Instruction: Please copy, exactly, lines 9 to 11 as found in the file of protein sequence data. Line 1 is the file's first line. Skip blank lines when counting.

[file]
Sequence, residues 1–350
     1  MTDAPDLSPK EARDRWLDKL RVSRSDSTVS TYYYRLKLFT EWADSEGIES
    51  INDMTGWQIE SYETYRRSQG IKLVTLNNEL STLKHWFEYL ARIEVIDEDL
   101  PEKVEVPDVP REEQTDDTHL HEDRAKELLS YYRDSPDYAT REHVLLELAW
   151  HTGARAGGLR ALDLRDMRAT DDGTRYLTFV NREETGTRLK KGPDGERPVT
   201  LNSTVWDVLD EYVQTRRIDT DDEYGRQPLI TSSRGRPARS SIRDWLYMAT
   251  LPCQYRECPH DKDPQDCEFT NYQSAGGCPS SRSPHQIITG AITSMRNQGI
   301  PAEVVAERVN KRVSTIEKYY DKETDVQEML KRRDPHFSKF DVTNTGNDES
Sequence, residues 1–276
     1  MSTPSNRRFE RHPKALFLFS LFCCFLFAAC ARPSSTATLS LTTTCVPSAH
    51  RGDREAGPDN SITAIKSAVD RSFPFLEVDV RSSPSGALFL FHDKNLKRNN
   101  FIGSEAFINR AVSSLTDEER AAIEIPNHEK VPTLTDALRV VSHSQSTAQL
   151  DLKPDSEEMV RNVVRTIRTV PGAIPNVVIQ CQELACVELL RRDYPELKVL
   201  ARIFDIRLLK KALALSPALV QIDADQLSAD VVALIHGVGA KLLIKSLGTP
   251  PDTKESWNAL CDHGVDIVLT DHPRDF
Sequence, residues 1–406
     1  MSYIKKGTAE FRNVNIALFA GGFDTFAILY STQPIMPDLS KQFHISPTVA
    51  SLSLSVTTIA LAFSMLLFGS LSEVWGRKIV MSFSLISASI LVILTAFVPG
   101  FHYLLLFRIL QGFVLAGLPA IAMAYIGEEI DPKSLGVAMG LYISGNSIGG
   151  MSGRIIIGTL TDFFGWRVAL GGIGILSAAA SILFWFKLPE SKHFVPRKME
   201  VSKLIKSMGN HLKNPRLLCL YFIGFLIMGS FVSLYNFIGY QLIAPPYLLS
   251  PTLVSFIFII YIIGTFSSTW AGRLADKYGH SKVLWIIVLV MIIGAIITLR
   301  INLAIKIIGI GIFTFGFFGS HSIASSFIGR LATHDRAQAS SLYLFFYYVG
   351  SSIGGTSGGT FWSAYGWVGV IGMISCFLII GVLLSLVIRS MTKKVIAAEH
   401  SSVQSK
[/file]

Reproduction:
Sequence, residues 1–276
     1  MSTPSNRRFE RHPKALFLFS LFCCFLFAAC ARPSSTATLS LTTTCVPSAH
    51  RGDREAGPDN SITAIKSAVD RSFPFLEVDV RSSPSGALFL FHDKNLKRNN